“Language, that most human invention, can enable what, in principle, should not be possible. It can allow all of us, even the congenitally blind, to see with another person’s eyes.” Oliver Sacks.
Oliver Sacks, now 77, has been a New York neurologist since 1965 and an author for 40 years. The Mind’s Eye is his 11th book, as fascinating as his previous ones. He writes vividly about the interaction between mind and brain, the way that different people creatively adapt to neurological change and the way that the brain responds to changes in the body.
Blindness, full or partial, the loss of the ability to read, inability to recognize faces, a stroke–any of these could be and are initially debilitating. But the adaptation, for the people in this book, allows them to live a full life, and for some of them a fuller and more meaningful one as they open up in other ways.
I was most struck by 2 of the cases in The Mind’s Eye. The first was Howard Engel’s–a Canadian mystery writer. I’d heard some years back that he had suffered alexia (the inability to read) following a stroke. Although he could still write, he couldn’t read what he himself wrote. How tragic for a writer. And yet because of his determination, he re-taught himself painstakingly and excruciatingly slowly to read and went on to write several more books.
The other case was that of Oliver Sacks himself, who wrote about his lifelong prosopagnosia, an inability to recognize faces, and his experience of ocular cancer and vision loss. Considering vision leads to considering thought itself, to meaning and the interaction of language, personality, consciousness and action. He quotes from his own journals–giving a sense of the immediate (including drawings!). And he quotes from others’ memoirs, both those who have experienced vision loss and those who have studied it, from 150 years ago to the present. So much to think about here.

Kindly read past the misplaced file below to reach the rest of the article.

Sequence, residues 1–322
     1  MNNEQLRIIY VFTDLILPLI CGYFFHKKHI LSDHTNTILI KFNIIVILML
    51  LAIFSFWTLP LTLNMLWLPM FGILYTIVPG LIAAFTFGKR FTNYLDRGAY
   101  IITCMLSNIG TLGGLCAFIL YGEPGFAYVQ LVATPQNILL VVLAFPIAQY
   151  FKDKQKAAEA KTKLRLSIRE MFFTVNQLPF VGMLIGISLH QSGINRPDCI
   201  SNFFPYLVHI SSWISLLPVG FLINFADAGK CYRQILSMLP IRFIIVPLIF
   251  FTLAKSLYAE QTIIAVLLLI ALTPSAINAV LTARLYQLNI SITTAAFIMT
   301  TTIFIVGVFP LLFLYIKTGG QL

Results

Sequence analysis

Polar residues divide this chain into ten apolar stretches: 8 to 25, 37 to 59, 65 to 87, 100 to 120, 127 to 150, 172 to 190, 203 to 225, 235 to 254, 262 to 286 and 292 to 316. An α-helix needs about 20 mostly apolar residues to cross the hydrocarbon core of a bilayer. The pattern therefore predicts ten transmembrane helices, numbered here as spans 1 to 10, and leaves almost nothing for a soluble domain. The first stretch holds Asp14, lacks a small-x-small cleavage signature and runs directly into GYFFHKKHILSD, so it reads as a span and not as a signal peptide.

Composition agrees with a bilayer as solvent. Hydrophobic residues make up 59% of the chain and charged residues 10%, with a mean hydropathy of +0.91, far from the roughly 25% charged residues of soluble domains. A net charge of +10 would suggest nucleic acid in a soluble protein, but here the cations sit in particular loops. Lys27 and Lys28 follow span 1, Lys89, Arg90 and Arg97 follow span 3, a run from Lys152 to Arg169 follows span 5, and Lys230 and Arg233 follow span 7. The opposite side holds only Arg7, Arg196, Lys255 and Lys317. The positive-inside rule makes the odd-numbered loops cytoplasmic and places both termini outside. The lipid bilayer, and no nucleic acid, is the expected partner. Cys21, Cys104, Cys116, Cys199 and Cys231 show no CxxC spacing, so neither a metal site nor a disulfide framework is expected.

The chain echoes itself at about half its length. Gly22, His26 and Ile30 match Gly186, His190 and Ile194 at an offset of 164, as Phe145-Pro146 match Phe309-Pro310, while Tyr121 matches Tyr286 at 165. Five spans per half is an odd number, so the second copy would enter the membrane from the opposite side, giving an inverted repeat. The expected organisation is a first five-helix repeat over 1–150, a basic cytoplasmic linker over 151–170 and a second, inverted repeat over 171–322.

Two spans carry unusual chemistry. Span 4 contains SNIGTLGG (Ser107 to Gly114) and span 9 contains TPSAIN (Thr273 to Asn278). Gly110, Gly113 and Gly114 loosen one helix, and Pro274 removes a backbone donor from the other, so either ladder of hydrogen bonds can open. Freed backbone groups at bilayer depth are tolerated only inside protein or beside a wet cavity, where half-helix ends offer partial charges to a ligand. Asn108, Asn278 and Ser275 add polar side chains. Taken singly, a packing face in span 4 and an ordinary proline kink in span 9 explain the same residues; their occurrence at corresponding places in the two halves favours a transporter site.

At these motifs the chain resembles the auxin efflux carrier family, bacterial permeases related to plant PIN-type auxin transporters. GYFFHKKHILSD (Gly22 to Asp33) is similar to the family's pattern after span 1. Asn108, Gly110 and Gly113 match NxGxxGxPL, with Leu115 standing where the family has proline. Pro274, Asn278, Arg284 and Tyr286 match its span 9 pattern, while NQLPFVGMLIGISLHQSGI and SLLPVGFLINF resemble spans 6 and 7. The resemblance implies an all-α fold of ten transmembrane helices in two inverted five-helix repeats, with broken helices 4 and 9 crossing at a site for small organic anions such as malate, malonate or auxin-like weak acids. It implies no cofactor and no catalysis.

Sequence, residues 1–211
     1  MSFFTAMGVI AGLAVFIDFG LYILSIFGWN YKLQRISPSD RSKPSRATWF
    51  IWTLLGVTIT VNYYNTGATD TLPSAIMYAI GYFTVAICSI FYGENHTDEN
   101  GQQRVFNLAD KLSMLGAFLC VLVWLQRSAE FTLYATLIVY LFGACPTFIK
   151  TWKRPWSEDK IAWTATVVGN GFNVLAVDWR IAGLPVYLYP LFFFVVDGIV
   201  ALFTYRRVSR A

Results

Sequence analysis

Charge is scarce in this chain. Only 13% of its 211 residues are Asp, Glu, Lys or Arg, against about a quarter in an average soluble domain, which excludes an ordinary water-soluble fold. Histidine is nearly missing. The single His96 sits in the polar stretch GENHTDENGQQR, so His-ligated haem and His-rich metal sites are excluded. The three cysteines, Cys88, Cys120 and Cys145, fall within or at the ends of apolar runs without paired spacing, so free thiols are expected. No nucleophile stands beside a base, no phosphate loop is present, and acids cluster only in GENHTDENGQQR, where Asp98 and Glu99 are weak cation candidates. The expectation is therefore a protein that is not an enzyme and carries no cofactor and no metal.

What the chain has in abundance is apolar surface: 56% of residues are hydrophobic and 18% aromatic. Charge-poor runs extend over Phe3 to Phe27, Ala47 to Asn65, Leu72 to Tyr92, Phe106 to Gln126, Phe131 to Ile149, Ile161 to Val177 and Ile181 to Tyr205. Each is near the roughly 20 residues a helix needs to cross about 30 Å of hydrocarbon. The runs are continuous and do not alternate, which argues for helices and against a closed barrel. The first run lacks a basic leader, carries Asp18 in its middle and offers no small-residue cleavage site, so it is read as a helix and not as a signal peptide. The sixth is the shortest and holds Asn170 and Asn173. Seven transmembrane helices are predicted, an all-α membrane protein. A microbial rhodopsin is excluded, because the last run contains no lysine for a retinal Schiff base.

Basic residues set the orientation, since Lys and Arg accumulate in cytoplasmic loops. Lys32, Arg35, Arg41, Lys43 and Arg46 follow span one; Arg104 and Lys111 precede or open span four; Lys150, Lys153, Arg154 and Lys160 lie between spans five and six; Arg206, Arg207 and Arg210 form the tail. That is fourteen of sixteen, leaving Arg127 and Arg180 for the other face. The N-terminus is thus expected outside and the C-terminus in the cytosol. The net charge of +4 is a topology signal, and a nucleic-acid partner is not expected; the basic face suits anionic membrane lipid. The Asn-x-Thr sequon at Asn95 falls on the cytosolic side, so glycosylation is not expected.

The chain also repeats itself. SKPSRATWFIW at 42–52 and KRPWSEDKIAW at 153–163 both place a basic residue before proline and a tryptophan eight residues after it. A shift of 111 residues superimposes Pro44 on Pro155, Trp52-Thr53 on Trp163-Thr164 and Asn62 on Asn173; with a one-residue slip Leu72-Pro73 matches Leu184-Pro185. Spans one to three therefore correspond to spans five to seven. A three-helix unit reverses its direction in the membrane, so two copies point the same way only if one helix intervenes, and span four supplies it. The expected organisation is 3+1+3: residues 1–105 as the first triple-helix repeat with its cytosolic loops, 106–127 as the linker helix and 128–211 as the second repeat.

“Rain has a way of bringing out the contours of everything: it throws a coloured blanket over previously invisible things; instead of an intermittent and thus fragmented world, the steadily falling rain creates continuity of acoustic experience…” John Hull in his memoir, Touching The Rock
Sacks has been criticized for putting anecdote above research. He has also been criticized for exploiting people with disabilities. I can’t speak to the first, but his portrayal of people is infused with interest, appreciation and respect. My feeling, as I read, is one of inspiration and admiration for human ingenuity and spirit. I didn’t want to put the book down, and when I finished it, I was hungry for more reading. Highly recommended.